City Seeks Funds for Assessment of Maple Road Parcel Slated for Apartment Complex

 08/19/2013 - 14:15
Livonia Builders, developers of the Torwood subdivision, plans a $6.5 million high end apartment complex for 600 N. Maple Rd. Environmental studies may help achieve funding to clean up the former city DPW and police station property.

The City of Saline took another step toward the development of its Maple Road property at the Aug. 5 city council meeting.

Council voted to authorize an application for environmental assessment funding for 600 Maple Road and two adjoining parcels. Livonia Builders, the company that built Torwood subdivision, wants to build a high-end, 72-unit apartment complex called “The Corinthian” on the 6.4 acre site at 600 N. Maple Rd. The property was once home to the DPW, police department, the senior center and county court house. Livonia Builders plans to spend $6.5 million on the development. The total acreage to be assessed is 10 acres.

The company has requested Phase I and Phase II environmental assessments be conducted on the property. The company is also seeking a Baseline Environment Assessment, which allows people to purchase or begin operations without being held liable for existing contamination.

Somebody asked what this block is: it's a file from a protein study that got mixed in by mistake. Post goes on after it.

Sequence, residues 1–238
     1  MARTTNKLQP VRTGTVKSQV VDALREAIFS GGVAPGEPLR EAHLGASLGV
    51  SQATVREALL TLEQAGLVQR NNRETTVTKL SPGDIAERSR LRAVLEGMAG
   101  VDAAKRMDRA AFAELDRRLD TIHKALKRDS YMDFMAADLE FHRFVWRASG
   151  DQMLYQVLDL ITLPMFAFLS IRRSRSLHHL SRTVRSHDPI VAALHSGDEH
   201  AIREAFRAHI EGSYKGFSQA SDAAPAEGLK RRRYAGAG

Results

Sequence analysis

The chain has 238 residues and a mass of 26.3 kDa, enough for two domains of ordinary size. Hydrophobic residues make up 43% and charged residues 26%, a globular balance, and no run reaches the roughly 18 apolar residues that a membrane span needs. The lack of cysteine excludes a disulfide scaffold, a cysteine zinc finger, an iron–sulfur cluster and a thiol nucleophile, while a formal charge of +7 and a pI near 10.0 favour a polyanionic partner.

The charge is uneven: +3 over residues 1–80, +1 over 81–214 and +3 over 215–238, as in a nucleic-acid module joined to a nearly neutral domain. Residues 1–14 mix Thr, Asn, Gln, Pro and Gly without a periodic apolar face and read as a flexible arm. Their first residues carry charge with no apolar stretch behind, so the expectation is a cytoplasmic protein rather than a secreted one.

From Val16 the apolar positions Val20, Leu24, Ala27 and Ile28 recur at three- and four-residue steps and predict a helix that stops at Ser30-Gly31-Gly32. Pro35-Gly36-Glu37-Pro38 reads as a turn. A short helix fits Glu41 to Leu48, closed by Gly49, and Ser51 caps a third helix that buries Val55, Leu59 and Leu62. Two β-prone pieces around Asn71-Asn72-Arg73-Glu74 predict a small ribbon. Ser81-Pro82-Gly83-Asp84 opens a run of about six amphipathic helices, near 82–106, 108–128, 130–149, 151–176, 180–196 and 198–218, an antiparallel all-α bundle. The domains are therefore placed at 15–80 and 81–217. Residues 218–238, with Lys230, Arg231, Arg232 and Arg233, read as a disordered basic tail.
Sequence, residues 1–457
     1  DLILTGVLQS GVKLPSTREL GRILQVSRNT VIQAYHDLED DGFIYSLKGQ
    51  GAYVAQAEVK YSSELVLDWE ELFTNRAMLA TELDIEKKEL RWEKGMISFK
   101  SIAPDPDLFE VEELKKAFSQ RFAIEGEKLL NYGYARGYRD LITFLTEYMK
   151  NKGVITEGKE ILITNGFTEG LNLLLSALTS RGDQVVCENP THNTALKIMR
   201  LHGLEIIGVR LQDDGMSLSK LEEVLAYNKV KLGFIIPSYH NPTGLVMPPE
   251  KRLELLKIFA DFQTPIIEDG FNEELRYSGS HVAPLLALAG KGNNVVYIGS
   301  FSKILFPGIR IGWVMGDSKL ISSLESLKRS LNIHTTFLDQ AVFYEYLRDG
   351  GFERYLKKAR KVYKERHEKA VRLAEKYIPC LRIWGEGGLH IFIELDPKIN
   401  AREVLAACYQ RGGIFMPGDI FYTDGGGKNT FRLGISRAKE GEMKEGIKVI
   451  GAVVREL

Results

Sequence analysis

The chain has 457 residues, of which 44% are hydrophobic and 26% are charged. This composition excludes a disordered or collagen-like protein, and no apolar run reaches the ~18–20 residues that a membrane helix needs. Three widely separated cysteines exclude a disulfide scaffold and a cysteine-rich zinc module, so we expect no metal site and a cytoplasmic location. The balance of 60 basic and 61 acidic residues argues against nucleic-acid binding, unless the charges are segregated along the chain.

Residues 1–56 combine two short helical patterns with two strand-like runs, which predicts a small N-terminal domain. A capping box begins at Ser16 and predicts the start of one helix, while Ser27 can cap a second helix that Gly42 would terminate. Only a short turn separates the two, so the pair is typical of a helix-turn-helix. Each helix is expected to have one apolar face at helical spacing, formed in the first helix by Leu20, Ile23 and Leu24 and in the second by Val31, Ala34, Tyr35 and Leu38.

The anticipated cost for the assessments is $15,000 to $20,000, which would be covered by a grant made possible by the city’s membership in the Washtenaw County Brownfield Redevelopment Authority.

The assessments can also be helpful should a Brownfield Tax Increment Financing Plan be adopted to support environmental remediation and site development.

Assessments conducted in 2011 showed the site contains higher than mandated amounts arsenic, mercury and selenium at various locations on the property. The study also showed groundwater may be impacted. Excessive fill may require structures have special foundations. The previous studies were conducted by a private developer and the full results were not shared with the city. Nathan Vogt, economic development specialist for the Washtenaw County Brownfield Redevelopment Authority, said it will be to the city’s advantage to have full access to all the data.

“That way you own the documents and you can be apprised of the challenges,” Vogt said. “If a developer is ready to do something, they can work with you to come up with a plan to develop the property.”

A Phase 1 environmental assessment is conducted on paper. Phase 2 takes what is learned and phase 1 to do borings in certain locations.

The new development would generate an estimated $200,000 in property taxes each year, according to the brownfield application.

 

Tran Longmoore
Tran Longmoore founded The Saline Post on Aug. 15, 2012. Follow him on Twitter at @tranlongmoore. Follow The Saline Post @thesalinepost. Follow The Saline Post on Facebook by clicking here.